Over the past 12 month’s we’ve seen an increase in dialogue about climate change and some of the actions we need to take to address this global issue. This has in part been a result of the G7 Summit held in Cornwall last summer and subsequently the COP 26 Climate Change Conference in Glasgow in November, both shining a light on the UK Government’s policies to mitigate the worst impacts and reduce future greenhouse gas emissions.
The canary in the coal mine
The South West Coast Path is the canary in the coal mine when it comes to seeing the impacts of climate change. The increasing severity and frequency of storms is taking its toll on vulnerable cliffs. Because of our geography, it doesn’t matter which direction a storm comes from – some part of the Coast Path will be impacted. This February three named storms affected the UK within the space of a week, the first time this has occurred since storm naming was introduced in 2015. To-date we’ve only seen around 20cm of sea level rise on the SW Coast. Even if we stop the growth in greenhouse gas emissions today the sea level will continue to rise over years.
We’re also seeing more extreme weather events, with heavy downpours creating localised erosion. Our seasonal cutting back of vegetation along the route of the National Trail is also impacted by milder winters and hotter summers extending the growing season. These subtle warming changes are also allowing new species to thrive where previously not possible, unfortunately this includes fungi responsible for tree diseases such as Ash Dieback and Phytophthora.
Managing the National Trail through the impact of change
We need to plan how we manage the National Trail and better understand the impacts of all these changes on the Coast Path and how we ensure it remains for future generations. The good news is that there are already many stakeholders such as Local Authorities, the Environment Agency and Plymouth Coastal Observatory working to manage and protect the coastline in the South West. We also have a broad policy framework to co-ordinate activity. Shoreline Management Plans zone the coast into four intervention types: Hold the Line, Advance the Line, Managed Realignment and No Active Intervention. This helps identify areas where investment is needed to protect infrastructure and other areas where more natural systems can be employed to manage coastal change.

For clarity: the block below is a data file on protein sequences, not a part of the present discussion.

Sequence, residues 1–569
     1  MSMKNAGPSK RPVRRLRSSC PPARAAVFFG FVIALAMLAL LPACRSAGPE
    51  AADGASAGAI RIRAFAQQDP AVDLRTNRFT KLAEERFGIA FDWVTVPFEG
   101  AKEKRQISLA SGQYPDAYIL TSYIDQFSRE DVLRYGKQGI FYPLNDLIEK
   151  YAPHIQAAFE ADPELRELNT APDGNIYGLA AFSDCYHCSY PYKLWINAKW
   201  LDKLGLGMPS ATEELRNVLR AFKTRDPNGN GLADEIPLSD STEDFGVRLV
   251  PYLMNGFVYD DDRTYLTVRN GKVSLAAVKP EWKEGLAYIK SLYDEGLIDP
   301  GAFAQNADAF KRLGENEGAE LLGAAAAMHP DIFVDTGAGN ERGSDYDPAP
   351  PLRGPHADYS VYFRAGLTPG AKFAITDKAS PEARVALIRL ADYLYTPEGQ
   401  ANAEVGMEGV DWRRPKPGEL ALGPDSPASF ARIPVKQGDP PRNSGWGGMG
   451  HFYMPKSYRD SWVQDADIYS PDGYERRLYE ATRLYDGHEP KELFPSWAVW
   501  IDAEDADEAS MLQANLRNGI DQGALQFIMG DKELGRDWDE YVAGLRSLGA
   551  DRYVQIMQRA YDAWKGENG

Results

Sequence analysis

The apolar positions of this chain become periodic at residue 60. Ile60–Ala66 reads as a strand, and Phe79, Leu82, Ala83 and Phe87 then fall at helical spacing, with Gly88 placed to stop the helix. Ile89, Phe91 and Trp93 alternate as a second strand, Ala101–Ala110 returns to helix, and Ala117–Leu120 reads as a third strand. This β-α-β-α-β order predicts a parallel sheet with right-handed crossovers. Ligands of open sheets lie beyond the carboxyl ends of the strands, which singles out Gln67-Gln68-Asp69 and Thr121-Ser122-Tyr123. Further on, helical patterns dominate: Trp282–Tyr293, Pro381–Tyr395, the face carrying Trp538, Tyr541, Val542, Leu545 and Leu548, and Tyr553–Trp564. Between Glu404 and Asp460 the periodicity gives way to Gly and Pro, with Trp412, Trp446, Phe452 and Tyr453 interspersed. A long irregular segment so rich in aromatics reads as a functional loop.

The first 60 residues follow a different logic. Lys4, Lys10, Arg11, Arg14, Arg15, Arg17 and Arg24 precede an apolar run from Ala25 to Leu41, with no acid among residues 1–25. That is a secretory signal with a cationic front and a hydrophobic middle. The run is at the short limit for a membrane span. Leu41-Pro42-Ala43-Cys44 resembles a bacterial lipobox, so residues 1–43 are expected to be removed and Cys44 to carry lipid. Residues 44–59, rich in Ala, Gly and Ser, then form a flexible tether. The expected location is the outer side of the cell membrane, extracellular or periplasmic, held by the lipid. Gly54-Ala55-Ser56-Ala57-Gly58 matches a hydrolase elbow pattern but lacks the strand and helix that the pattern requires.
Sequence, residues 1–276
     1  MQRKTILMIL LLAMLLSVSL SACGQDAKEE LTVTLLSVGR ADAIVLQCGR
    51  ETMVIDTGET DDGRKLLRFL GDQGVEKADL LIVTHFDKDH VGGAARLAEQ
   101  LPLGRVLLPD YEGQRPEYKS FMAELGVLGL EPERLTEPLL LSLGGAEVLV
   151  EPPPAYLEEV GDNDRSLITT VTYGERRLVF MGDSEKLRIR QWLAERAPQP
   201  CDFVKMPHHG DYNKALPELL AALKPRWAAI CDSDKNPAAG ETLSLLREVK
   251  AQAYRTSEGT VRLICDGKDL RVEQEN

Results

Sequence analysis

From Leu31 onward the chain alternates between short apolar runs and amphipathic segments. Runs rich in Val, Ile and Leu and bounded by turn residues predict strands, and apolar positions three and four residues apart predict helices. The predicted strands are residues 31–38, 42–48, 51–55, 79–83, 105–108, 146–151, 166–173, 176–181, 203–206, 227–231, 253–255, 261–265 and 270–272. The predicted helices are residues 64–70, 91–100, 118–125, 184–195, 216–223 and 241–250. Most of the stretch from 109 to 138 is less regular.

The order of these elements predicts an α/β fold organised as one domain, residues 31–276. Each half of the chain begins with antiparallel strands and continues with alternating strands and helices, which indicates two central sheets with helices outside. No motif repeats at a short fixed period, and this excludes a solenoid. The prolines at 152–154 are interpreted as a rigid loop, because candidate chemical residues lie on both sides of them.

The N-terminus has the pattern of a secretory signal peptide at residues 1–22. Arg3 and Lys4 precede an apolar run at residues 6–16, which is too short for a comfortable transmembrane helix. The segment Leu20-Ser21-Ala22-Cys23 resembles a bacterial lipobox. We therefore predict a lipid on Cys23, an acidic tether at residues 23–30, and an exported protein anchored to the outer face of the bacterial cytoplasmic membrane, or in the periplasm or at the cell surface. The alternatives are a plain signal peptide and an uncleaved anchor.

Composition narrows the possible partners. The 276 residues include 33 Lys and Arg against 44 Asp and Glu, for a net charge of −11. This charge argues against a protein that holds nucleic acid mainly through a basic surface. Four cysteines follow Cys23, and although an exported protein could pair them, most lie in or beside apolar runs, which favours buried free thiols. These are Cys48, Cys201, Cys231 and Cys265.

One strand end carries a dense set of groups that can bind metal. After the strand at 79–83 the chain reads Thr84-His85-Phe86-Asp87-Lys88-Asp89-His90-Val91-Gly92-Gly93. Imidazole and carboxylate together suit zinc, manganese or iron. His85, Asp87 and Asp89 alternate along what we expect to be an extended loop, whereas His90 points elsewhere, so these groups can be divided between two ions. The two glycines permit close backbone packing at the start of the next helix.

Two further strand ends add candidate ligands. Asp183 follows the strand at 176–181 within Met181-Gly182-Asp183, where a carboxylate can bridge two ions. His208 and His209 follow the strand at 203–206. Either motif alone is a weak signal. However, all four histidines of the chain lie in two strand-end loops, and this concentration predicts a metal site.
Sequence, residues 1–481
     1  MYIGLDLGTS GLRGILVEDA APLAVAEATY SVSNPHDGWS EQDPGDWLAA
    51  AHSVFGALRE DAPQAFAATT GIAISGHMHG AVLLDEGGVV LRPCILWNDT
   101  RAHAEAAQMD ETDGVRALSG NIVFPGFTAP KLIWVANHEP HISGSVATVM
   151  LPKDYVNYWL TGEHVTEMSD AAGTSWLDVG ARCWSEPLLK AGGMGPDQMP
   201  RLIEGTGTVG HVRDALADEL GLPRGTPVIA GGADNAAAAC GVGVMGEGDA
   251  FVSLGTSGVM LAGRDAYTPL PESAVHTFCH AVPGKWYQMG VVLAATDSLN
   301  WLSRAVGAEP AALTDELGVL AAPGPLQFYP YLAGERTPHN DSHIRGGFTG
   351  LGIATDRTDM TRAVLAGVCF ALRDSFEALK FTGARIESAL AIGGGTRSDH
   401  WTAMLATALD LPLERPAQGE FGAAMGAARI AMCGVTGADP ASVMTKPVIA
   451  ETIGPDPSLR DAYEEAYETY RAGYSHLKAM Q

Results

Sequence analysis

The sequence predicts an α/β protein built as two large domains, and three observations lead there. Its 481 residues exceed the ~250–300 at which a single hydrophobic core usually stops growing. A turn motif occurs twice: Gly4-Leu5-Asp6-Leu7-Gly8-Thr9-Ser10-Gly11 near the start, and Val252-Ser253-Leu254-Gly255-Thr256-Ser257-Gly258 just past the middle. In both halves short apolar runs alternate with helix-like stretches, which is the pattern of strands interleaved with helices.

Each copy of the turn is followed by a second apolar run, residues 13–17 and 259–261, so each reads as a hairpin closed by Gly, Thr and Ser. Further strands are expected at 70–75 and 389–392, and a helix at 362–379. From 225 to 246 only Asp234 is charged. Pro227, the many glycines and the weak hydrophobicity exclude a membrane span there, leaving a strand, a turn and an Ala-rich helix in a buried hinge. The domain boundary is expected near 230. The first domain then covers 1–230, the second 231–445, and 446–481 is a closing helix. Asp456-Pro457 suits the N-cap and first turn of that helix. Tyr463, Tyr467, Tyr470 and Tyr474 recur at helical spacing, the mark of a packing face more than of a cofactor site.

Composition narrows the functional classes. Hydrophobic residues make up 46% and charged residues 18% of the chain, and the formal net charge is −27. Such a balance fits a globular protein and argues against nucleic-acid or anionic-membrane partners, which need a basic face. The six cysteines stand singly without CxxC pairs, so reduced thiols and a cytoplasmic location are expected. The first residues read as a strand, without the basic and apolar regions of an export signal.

The Marine and Coastal Access Act designates a coastal margin
The Marine and Coastal Access Act is being used by Natural England to designate the England Coast Path. This legislation also introduces the power to roll-back the route of the National Trail when impacted by events such as coastal erosion – reducing the administration and costs when diverting the Path. The 2009 Act also designates a Coastal Margin between the National Trail and the land seaward of the Trail.
This Margin gives new open access rights along our coast albeit there are exceptions such as gardens, nature sites sensitive to disturbance, and Ministry of Defence land. There is a great opportunity for increasing the resilience of the Coast Path by developing this Coastal Margin as a Wild Belt along our shoreline. We have the advantage of the mapping already undertaken by Natural England. Our challenge is to see if we can direct biodiversity net-gain and progressive agri-environment schemes to help us get maximum benefit from the Coastal Margin and mitigate against the worst impacts of climate change.
Author: Julian Gray, Director, South West Coast Path Association
Header image: Pony at Countisbury Hill, Exmoor. Photo by Sophie Brown.